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Oct. 25, 2020

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Clark County housing market feels virus’s effects in April

Silver lining? Lower interest rates spur buying amid big slowdowns

By , Columbian business reporter
Published:
2 Photos
Jose Ramirez of Gecho Construction adds a fresh coat of stain to a new home at The Parklands in Camas in late March, as the impact of the novel coronavirus pandemic began to be felt. Home sales fell dramatically in the following month.
Jose Ramirez of Gecho Construction adds a fresh coat of stain to a new home at The Parklands in Camas in late March, as the impact of the novel coronavirus pandemic began to be felt. Home sales fell dramatically in the following month. (Amanda Cowan/The Columbian) Photo Gallery

Clark County’s housing market saw major slowdowns in listing and sales activity in April, according to the latest data from the Regional Multiple Listing Service. The new report chronicles the market’s first full month of operation during the novel coronavirus pandemic.

The market began to feel the heat from the outbreak and the associated stay-at-home order in late March, but the impact wasn’t fully reflected in the March data because the market was still operating under pre-pandemic conditions for the first half of the month.

In fact, the March data still showed significant gains from the month before, in keeping with usual seasonal trends — but local real estate agents cautioned that they had seen a significant drop in activity at the end of the month, and the April data continues that trend.

Steep declines

There were 675 new listings reported for the month, which represents a 34 percent drop from the 1,022 listings in March and a 40.8 percent drop from the 1,240 listings in April 2019.

Pending sales were reported at 596, a 20.5 percent drop from the 750 in March and a 32 percent drop from the 877 in April of last year. Closed sales, at 536, saw a 13.5 percent drop from the 620 in March and a 20.7 percent drop from the 676 in April 2019.

The latest data also puts the region’s year-to-date activity significantly behind last year. Compared with the first four months of 2019, new listings are down 14.4 percent, pending sales are down 11.8 percent and closed sales are down 4.1 percent.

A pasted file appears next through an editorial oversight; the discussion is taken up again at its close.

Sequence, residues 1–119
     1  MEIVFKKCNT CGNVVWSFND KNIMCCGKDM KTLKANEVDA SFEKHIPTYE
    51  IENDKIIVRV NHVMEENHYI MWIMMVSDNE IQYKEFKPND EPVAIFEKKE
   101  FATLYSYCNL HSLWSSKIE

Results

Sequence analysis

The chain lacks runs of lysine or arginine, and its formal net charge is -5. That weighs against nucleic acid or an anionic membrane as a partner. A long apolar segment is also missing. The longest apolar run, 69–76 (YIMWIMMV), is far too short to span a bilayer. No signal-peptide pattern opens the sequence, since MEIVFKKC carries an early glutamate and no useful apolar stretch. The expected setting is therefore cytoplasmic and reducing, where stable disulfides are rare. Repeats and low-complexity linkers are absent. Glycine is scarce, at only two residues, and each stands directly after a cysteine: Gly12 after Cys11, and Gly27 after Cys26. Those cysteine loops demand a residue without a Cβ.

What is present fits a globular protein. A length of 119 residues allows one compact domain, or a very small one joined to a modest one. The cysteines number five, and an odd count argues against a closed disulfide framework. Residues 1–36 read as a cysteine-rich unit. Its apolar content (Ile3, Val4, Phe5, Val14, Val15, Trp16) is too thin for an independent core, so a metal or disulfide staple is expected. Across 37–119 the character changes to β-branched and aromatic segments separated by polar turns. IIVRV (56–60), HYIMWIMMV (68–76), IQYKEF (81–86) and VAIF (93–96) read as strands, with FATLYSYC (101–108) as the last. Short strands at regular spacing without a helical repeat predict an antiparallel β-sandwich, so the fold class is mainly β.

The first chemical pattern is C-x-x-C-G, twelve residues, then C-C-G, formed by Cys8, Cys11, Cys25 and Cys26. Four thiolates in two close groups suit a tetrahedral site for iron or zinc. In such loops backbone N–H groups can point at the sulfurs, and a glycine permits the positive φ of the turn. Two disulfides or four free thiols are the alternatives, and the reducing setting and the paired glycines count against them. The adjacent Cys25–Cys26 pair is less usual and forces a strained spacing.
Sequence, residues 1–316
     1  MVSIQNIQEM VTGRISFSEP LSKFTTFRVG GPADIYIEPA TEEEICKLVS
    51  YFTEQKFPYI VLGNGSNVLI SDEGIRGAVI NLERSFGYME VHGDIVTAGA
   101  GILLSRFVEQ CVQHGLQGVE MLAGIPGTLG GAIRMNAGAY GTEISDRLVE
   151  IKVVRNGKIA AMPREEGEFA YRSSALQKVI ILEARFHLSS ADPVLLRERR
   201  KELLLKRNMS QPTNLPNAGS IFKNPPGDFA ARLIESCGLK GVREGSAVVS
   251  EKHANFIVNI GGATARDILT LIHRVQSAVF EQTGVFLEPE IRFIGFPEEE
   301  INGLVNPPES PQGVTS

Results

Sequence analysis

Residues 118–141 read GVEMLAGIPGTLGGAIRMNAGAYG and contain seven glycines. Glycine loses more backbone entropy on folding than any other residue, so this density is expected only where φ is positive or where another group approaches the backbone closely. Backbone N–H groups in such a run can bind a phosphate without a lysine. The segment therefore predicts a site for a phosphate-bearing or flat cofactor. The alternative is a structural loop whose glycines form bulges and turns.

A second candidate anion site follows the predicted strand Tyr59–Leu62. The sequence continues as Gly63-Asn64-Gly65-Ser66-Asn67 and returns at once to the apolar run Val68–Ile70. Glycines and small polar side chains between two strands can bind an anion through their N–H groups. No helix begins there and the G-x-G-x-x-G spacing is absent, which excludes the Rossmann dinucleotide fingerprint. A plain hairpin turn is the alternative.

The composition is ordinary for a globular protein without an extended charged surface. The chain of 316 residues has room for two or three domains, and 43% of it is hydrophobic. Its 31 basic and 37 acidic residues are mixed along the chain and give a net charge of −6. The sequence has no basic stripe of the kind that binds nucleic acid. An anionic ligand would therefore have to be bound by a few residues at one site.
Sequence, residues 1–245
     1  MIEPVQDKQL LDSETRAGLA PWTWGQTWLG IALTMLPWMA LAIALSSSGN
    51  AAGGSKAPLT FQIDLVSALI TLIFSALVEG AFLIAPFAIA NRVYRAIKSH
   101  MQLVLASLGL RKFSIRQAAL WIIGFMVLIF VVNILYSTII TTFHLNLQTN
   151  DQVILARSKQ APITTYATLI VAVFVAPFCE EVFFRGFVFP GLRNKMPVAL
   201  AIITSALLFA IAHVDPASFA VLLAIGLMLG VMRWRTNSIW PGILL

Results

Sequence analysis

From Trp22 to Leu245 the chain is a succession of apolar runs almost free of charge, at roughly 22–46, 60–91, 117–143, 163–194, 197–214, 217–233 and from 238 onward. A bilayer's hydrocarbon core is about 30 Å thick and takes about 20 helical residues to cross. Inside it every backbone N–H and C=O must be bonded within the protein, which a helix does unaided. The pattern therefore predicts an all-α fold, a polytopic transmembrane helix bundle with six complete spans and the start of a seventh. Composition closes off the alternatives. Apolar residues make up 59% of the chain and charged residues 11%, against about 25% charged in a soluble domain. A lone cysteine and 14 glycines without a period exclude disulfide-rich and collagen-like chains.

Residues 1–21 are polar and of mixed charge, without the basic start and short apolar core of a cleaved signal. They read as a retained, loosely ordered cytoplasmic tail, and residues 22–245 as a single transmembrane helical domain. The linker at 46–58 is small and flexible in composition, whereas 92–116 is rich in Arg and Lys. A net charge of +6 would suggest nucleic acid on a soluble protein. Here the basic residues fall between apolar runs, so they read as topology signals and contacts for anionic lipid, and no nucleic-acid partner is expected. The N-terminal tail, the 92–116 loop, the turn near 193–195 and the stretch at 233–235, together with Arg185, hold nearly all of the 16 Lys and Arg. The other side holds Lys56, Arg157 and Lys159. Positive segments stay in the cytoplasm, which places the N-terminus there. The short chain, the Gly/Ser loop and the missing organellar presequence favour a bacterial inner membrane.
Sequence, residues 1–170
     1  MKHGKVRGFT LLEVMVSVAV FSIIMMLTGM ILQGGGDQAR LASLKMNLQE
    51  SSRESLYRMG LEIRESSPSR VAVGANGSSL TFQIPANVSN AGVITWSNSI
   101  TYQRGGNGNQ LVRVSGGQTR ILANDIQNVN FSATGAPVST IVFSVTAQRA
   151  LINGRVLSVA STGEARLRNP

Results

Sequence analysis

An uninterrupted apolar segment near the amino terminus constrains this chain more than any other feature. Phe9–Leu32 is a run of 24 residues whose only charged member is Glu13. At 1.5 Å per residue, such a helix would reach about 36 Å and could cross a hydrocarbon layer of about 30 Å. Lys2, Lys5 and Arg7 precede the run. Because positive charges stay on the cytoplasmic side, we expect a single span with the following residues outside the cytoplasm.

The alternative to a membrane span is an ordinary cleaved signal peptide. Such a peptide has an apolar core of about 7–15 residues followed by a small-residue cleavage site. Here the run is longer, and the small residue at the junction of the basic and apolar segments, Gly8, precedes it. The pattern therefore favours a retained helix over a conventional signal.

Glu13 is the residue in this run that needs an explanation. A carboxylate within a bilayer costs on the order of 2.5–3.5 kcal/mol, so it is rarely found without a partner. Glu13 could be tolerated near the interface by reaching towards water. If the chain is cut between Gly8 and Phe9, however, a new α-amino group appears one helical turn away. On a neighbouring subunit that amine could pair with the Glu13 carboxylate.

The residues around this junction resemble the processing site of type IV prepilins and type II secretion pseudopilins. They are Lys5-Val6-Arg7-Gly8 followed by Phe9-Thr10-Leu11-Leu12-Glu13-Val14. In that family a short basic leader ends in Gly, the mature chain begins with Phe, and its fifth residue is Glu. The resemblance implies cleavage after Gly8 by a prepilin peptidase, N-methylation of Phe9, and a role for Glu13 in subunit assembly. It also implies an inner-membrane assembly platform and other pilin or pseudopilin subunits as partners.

Terry Wollam, managing broker at ReMax Equity Group in Vancouver, said the April data was admittedly negative, but he called it “pleasantly surprising” considering the limits that COVID-19 has placed on real estate activity. He pointed to low interest rates as one of the factors that kept sales going.

“Lower interest rates have allowed buyers to purchase a home with a lower payment,” he wrote in an email, “or buy a more expensive home at the same monthly cost than what a buyer would have seen in early March.”

Wollam also pointed to the region’s inventory in months — meaning the estimated time needed to sell through the existing listings — as an indicator of the strength of the market. The inventory in months was 2.5 in April, not far off from the 2.4 reported in April 2019, he said.

Sale prices fell from March to April, although they remain higher than they were a year ago. The average sale price was $412,800, compared with $426,300 in March. The median price, where half the sale prices were higher and half lower, was $385,000, compared with $391,700 in March.

The market is continuing to experience a relative shortage of listings, Wollam said, which is keeping up the pressure to hold home values steady.

“I do not see this changing over the coming months,” he wrote, “given new listings added to the market in March was lower year-over-year when compared to sales activity year-over-year.”

COVID-19 restrictions

The March 23 stay-at-home order didn’t prohibit real estate sales, but it did apply restrictions such as allowing home tours by appointment only and limiting the visits to a single real estate agent and a single potential buyer.

The pandemic itself added a further chilling effect, according to Mike Lamb, a broker at Windermere Stellar — some sellers, agents and potential buyers had concerns about holding in-person meetings even at the limited scale outlined in the stay-at-home order.

The order also prohibited all residential construction, which had the potential to become a major impact — according to Wollam, new construction accounts for almost a third of Clark County’s home listings.

Gov. Jay Inslee allowed limited construction activity to resume in late April, but only on projects that were already underway when the stay-at-home order began.

Inslee later announced a four-phase reopening plan for the state. Phase 2 will relax restrictions on real estate activity and will likely allow for new construction, but most of the state’s counties — including Clark — are currently still in Phase 1.

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